US3391713A (en) * 1960-04-14 1968-07-09 Hitco Ring-laminated structures of folded stretchable tape-material
US3509798A (en) * 1968-02-07 1970-05-05 Arpax Co Mechanism and method for producing cushioning dunnage
US3509797A (en) * 1967-05-22 1970-05-05 Arpax Co Mechanism for producing cushioning dunnage
US3603216A (en) * 1970-02-09 1971-09-07 Arpax Co Method for producing cushioning dunnage
US3650877A (en) * 1969-10-06 1972-03-21 Arpax Co Cushioning dunnage product
US3655500A (en) * 1968-02-07 1972-04-11 Arpax Co A resilient cushioning dunnage product for use in packaging and packing
US3884411A (en) * 1973-06-14 1975-05-20 Int Paper Co Carton handle
US4100845A (en) * 1975-05-15 1978-07-18 Hauni-Werke Korber & Co. Kg Method and machine for producing filter elements for tobacco smoke
US4898279A (en) * 1986-12-29 1990-02-06 Shippers Paper Products Company Warp-free paperboard slat
US5145108A (en) * 1990-09-26 1992-09-08 Minnesota Mining And Manufacturing Company Tape handle for carrying boxes
US20040131825A1 (en) * 2003-01-08 2004-07-08 Sdf Group, Llc Various banding apparatus and methods for using such
US20060275580A1 (en) * 2005-06-02 2006-12-07 Sandar Industries, Inc. Roll of paperband
US20070068641A1 (en) * 2003-01-10 2007-03-29 Sdf Group, Llc Strap and Methods for Making and Using Such
US20140194268A1 (en) * 2013-01-04 2014-07-10 Lynda B. Middlemas Fringed Decorative Bag Insert

Citations (3)

* Cited by examiner, † Cited by third party
Publication number Priority date Publication date Assignee Title
US1242698A (en) * 1915-06-30 1917-10-09 Live Leather Belt Company Apparatus for making an elastic body-belting web.
GB324326A (en) * 1928-10-19 1930-01-20 Wolff & Co Improvements in and relating to sheet or strip material for packing, covering, decoration and similar purposes
US2219115A (en) * 1936-04-06 1940-10-22 Grand Rapids Fibre Cord Compan Reed fabric

Patent Citations (3)

* Cited by examiner, † Cited by third party
Publication number Priority date Publication date Assignee Title
US1242698A (en) * 1915-06-30 1917-10-09 Live Leather Belt Company Apparatus for making an elastic body-belting web.
GB324326A (en) * 1928-10-19 1930-01-20 Wolff & Co Improvements in and relating to sheet or strip material for packing, covering, decoration and similar purposes
US2219115A (en) * 1936-04-06 1940-10-22 Grand Rapids Fibre Cord Compan Reed fabric

Cited By (30)

* Cited by examiner, † Cited by third party
Publication number Priority date Publication date Assignee Title
US2766925A (en) * 1951-06-29 1956-10-16 Interstate Bag Company Reinforced paper strap and bag containing same
US2706933A (en) * 1951-08-27 1955-04-26 Comm Res Inc Method of forming rod-like paper articles
US2713692A (en) * 1952-05-19 1955-07-26 Victor A Sherbrook Method of making an insole having a single tape sewing rib
US2640794A (en) * 1952-06-06 1953-06-02 Willard P Boysen Packing strip
US2838224A (en) * 1953-04-06 1958-06-10 Interstate Bag Company Inc Handled bag of paper or like material and method of making same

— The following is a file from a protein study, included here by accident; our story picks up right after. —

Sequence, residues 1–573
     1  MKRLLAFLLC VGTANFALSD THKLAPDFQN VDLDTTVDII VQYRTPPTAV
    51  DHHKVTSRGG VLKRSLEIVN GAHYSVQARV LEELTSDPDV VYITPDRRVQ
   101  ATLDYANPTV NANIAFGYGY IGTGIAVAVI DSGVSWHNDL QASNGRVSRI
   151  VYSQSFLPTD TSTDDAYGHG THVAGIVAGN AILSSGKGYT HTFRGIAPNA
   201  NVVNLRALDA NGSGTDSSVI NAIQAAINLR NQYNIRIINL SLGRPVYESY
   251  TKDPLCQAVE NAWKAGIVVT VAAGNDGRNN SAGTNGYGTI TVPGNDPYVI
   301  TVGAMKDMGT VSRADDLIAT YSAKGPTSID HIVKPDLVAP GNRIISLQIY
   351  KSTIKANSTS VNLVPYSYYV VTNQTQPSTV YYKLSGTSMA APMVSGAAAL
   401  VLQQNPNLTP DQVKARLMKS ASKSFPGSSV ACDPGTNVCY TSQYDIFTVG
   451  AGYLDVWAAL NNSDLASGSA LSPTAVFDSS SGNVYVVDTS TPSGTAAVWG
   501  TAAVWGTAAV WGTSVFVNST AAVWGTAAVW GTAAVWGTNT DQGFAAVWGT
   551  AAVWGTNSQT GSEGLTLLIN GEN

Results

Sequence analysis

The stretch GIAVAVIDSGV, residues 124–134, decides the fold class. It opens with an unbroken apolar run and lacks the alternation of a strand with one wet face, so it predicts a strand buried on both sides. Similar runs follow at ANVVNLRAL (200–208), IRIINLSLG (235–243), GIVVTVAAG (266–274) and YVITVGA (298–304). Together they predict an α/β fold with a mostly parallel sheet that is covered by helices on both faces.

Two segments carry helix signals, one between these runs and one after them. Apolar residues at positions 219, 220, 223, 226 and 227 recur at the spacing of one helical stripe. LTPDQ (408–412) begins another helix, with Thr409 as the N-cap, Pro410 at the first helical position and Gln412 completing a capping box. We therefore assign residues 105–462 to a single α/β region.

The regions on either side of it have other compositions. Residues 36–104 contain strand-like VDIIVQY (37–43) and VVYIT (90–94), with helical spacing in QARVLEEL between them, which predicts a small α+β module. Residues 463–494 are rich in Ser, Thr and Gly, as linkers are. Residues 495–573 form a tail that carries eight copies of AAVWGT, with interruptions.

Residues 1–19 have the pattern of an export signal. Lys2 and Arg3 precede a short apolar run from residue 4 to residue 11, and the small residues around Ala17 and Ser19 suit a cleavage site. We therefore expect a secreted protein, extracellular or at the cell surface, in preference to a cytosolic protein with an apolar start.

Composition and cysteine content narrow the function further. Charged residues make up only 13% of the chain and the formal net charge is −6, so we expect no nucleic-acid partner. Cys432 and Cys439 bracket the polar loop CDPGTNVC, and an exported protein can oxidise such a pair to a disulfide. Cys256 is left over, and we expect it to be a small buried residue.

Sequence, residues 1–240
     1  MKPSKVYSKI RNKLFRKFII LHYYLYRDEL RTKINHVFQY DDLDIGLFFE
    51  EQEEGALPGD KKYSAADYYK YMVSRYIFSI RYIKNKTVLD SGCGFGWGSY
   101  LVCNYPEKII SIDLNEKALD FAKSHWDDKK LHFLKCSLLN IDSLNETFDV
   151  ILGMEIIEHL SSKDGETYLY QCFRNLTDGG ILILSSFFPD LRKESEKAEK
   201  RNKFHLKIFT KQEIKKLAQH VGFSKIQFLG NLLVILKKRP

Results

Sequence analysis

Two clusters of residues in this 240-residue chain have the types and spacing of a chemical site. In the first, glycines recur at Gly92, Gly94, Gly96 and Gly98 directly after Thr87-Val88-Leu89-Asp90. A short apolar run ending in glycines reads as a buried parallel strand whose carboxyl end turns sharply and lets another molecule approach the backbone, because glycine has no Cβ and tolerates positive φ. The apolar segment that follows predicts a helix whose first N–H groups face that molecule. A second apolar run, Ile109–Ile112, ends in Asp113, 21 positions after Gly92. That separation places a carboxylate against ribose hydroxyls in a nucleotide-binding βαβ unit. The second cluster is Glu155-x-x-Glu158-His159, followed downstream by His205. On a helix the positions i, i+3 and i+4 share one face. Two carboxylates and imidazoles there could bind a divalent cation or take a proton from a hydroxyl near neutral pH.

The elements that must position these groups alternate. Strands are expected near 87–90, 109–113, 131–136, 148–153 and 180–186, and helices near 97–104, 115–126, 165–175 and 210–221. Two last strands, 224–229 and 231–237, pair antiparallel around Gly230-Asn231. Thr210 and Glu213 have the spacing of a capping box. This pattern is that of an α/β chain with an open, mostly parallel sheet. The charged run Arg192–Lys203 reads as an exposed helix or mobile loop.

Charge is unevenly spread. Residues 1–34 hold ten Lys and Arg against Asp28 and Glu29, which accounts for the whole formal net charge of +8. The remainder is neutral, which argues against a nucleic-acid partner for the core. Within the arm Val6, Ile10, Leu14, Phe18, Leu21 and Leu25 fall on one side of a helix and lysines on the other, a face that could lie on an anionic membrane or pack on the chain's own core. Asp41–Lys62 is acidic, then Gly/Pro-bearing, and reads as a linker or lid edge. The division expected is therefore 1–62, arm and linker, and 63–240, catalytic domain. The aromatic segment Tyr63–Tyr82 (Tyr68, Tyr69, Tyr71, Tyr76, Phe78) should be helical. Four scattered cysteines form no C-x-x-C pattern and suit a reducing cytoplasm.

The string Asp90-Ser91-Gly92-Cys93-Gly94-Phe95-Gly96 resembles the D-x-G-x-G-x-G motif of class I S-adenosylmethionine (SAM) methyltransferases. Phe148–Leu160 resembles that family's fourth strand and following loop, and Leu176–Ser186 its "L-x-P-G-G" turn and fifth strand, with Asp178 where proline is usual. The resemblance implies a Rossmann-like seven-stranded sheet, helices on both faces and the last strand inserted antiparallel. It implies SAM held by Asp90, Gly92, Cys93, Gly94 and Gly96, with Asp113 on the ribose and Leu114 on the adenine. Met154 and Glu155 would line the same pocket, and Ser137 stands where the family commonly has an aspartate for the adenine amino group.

US2783690A (en) * 1953-08-17 1957-03-05 Paper Strap Inc Handled open end can carton
US2774699A (en) * 1954-05-14 1956-12-18 B B Chem Co Ribbed strips for insoles, and methods of making the same
US3391713A (en) * 1960-04-14 1968-07-09 Hitco Ring-laminated structures of folded stretchable tape-material
US3164069A (en) * 1962-09-17 1965-01-05 Ludlow Corp Paper yarn and methods and apparatus for making same
US3193904A (en) * 1963-03-11 1965-07-13 Deering Milliken Res Corp Apparatus for folding a paper strip into a yarn
US3229323A (en) * 1963-10-16 1966-01-18 Hensgen Herbert Hinge adjusting shim
US3509797A (en) * 1967-05-22 1970-05-05 Arpax Co Mechanism for producing cushioning dunnage
US3509798A (en) * 1968-02-07 1970-05-05 Arpax Co Mechanism and method for producing cushioning dunnage
US3655500A (en) * 1968-02-07 1972-04-11 Arpax Co A resilient cushioning dunnage product for use in packaging and packing
US3650877A (en) * 1969-10-06 1972-03-21 Arpax Co Cushioning dunnage product
US3603216A (en) * 1970-02-09 1971-09-07 Arpax Co Method for producing cushioning dunnage
US3884411A (en) * 1973-06-14 1975-05-20 Int Paper Co Carton handle
US4100845A (en) * 1975-05-15 1978-07-18 Hauni-Werke Korber & Co. Kg Method and machine for producing filter elements for tobacco smoke
US4898279A (en) * 1986-12-29 1990-02-06 Shippers Paper Products Company Warp-free paperboard slat
US5145108A (en) * 1990-09-26 1992-09-08 Minnesota Mining And Manufacturing Company Tape handle for carrying boxes
US20040131825A1 (en) * 2003-01-08 2004-07-08 Sdf Group, Llc Various banding apparatus and methods for using such
US7118648B2 (en) * 2003-01-08 2006-10-10 Sdf Group, Llc Paper Strap
US20070068641A1 (en) * 2003-01-10 2007-03-29 Sdf Group, Llc Strap and Methods for Making and Using Such
US20060275580A1 (en) * 2005-06-02 2006-12-07 Sandar Industries, Inc. Roll of paperband
EP1890865A1 (en) * 2005-06-02 2008-02-27 Sandar Industries, Inc. Roll of paperband
JP2008542139A (en) * 2005-06-02 2008-11-27 サンダール、インダストリーズ、インコーポレーテッドSandar Industries, Inc. The wrapper of roll
US20090208702A1 (en) * 2005-06-02 2009-08-20 Rodriguez Peter A Paperband
US7794816B2 (en) 2005-06-02 2010-09-14 Rodriguez Peter A Paperband
EP1890865A4 (en) * 2005-06-02 2011-10-05 Sandar Ind Inc Roll of paperband
US20140194268A1 (en) * 2013-01-04 2014-07-10 Lynda B. Middlemas Fringed Decorative Bag Insert